Many important issues will have to be discussed in Committee if the House gives the Bill a Second Reading. If, having reached the controversial part and having heard all the evidence, the Committee came to the conclusion that it was right to disallow the controversial part, that would certainly have the Government's blessing.

Many important issues have been debated this evening. I have no wish to detain the House any further, and in my view it is right that the Committee should have a chance to consider the matter closely.

9.46 pm
Mr. Denis Howell (Birmingham, Small Heath)

We have listened with great interest to the Minister. Like the promoters of the Bill and the hon. Member for Shrewsbury and Atcham (Mr. Conway), he has not said a word about the instruction that is to be voted on. I have tried to get the hon. Member for Shrewsbury and Atcham to tell us this evening what he or the promoters think about the instruction, which is solely concerned with football safety.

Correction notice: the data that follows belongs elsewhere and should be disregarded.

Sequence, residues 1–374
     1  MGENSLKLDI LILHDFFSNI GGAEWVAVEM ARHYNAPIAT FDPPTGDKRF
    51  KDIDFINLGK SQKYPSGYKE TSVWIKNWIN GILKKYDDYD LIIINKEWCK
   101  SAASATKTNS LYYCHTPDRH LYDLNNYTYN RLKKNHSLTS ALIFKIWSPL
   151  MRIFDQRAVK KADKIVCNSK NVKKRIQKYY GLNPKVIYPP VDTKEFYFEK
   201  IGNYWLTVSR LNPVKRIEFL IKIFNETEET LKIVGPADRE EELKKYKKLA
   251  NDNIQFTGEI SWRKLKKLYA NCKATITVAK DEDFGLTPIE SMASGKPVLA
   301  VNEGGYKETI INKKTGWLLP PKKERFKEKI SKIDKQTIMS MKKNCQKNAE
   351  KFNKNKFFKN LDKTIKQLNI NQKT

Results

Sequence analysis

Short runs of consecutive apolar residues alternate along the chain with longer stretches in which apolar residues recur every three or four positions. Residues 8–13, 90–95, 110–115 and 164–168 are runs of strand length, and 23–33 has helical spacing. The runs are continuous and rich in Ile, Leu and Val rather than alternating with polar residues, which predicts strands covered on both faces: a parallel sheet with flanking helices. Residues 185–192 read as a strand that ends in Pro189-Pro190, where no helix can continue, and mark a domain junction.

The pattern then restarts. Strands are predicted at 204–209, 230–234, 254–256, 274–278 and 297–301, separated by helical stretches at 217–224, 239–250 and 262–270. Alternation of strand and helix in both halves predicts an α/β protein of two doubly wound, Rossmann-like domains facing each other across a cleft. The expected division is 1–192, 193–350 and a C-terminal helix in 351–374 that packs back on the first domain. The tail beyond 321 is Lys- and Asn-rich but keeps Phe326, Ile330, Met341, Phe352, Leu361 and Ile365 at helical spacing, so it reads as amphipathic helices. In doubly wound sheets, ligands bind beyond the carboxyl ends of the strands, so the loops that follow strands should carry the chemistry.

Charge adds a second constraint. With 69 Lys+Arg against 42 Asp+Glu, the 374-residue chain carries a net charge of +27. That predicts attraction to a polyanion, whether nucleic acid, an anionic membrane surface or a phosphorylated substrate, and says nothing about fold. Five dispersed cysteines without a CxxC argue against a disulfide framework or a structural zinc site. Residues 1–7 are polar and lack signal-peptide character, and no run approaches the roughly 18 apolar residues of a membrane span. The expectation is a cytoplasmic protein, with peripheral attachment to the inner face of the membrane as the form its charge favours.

I find it incomprehensible that any hon. Member could vote against the instruction. Had the hon. Member got to his feet a long time ago and told us that the instruction was something he could recommend to the House on behalf of the promoters, we could have then given it serious consideration. However, he has not done that. We have spent two and three quarter hours and we have heard not a word about the instruction. The instruction has been on the Order Paper for many months. Indeed, I think it has been on the Order Paper since well before the general election, which makes it clear that some of us regard this as a matter of paramount importance.

If I had more time, I should have a lot to say about the cost of this proposal. Again, we have not heard a word about that, except from the hon. Member for Ludlow (Mr. Cockeram), who, although he intends to support the Bill, gave us the most cogent arguments showing why the bridge should not be built at such a cost. I think he said that it would be the most expensive car park in the United Kingdom, and he was right.

Even now, the hon. Member for Shrewsbury and Atcham sits there, in spite of my pungent remarks, and tells us nothing. He does not tell us whether he wants crowd safety to be a consideration in the instruction. I can only conclude that he and the promoters of the Bill disregard such considerations.